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How to identify them: The shoots resemble young asparagus, but have leaves in opposing pairs pointing upwards against the stem. They have a milky sap and should not have a bitter taste. Any milkweed which tastes bitter, spit out and disregard. Make sure you do not confuse it with dogbane which has a smooth, as opposed to slightly fuzzy stem. Also, the colour of dogbane’s stem is reddish and thinner at the top where milkweed has a consistently green stem and is of equal thickness from top to bottom. Both have milky sap so do not rely on that fact for identification. Be sure you have properly identified it before eating.

Where they grow: This variety is native to  the eastern part of North America, and grow wild in open fields, roadsides and hedgerows. Some people cultivate them as ornamental flowers, and their seeds are easily spread. Toxic to many livestock, farmers try to keep their fields clear of it.

How to prepare them: The shoots need to be cooked, but not aggressively. If you are unsure or haven’t tried them before, you can boil them and discard the water. The flavour is similar to that of a cross between green beans and asparagus. If you have a small amount, they can be mixed with these vegetables and prepared in the same way.

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The ones I picked were between one and six inches.

As this was the first time I had prepared them I kept it simple. I sauteed them in olive oil with dried garlic flakes and maldon salt for a few minutes until they were cooked through – a thoroughly tasty side dish.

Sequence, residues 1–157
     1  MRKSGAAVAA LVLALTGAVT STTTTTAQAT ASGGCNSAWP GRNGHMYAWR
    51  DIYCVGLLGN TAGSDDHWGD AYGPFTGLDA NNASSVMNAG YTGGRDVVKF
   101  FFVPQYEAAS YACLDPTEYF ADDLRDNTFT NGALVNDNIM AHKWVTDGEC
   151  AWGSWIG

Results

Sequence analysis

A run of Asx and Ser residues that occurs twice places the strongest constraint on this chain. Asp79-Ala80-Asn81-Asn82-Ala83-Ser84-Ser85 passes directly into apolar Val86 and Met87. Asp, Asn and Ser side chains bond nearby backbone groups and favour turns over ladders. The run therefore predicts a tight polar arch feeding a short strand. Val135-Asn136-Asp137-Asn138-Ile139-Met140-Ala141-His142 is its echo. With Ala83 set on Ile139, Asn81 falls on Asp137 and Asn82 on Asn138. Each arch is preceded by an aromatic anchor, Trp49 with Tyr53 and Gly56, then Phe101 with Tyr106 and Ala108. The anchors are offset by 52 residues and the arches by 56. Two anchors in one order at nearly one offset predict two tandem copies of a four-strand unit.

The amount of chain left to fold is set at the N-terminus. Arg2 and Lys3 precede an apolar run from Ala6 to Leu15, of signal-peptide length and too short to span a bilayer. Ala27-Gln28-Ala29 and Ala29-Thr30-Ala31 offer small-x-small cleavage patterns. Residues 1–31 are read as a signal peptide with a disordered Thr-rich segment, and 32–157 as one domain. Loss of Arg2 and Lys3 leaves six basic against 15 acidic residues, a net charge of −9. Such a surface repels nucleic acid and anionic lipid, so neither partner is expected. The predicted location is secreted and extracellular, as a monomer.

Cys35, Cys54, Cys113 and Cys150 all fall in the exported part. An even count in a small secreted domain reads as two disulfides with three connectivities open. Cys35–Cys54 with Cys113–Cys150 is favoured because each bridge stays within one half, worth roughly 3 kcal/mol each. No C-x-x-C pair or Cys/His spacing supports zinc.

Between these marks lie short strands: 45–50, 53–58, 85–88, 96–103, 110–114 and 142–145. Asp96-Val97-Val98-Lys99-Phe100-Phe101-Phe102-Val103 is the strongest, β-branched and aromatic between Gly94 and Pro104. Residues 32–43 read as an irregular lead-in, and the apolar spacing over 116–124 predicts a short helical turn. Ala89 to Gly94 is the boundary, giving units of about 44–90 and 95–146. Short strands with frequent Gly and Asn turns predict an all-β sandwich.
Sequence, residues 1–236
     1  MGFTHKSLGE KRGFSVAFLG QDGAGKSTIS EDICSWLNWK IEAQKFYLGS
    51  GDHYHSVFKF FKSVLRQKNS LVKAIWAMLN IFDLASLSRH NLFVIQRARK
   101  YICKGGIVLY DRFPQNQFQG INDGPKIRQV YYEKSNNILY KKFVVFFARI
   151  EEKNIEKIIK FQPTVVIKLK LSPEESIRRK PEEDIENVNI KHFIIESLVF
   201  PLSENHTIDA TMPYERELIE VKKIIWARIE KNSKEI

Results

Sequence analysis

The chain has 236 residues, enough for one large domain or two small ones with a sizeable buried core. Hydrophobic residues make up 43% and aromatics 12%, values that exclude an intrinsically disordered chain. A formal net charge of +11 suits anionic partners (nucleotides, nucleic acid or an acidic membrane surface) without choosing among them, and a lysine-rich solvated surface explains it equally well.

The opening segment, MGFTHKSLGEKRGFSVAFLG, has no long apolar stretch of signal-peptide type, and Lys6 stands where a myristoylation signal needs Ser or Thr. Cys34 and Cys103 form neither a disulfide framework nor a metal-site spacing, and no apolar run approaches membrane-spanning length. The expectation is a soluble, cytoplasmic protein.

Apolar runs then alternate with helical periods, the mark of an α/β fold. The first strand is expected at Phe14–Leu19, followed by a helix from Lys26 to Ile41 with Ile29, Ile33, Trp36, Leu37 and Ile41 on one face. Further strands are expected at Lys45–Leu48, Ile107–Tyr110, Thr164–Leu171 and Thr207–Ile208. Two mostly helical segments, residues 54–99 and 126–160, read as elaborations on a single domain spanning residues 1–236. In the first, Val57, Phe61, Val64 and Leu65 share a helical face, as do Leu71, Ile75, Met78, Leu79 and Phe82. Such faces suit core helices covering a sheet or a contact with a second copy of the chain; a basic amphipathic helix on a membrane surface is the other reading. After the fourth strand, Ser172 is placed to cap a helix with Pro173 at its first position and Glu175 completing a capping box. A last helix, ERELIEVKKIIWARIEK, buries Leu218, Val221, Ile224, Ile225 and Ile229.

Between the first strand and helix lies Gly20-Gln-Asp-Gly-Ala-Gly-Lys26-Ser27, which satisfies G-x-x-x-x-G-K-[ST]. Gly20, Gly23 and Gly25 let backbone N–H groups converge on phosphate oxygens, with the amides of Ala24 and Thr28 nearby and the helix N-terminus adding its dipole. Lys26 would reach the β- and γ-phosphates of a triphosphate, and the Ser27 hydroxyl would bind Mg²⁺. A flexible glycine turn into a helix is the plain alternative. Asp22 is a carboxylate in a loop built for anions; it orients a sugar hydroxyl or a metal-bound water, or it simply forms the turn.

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Related posts:

Milking the Weeds

Milkweed Bud Fetuccine

Milkweed Flower and Lambsquarters Soup

Milkweed Flowers

Stuffed Milkweed Pods</a

Milkweed Shoots on Punk Domestics


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Milkweed Bud Fetuccine

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I usually try to make original recipes, but occasionally I come across something I haven’t thought of and want to try. Once I tried this recipe for fetuccine made with the leaves and buds of milkweed I decided to bring it to  Angie’s Fiesta Friday #23 and  share it with any of my readers who have milkweed. And if you don’t have milkweed, broccoli leaves and flowers could be used in their stead.

The Forager Chef creates some of the best and most innovative recipes using foraged ingredients I have found. The recipe in its original is here – and you might like to look through his blog to see some of his creations, especially those using a great selection of wild mushrooms.

Two things made me want to try this recipe. First, I have such an abundance of milkweed now as we have tried to encourage its growth for the sake of the monarchs, none of which has shown up yet.

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The other incentive was that I really like home-made pasta, especially when it is a recipe which is unusual enough that it is only available if you make it yourself.

I made only minor changes in the recipe. I used lime instead of lemon, and cheddar cheese instead of parmesan. The milkweed has a delicate floral flavour, and the lime zest is a perfect pairing for it. The pasta was easy to work with, but having added just a tad too much water I dusted it liberally with semolina when rolling it and once it was cut.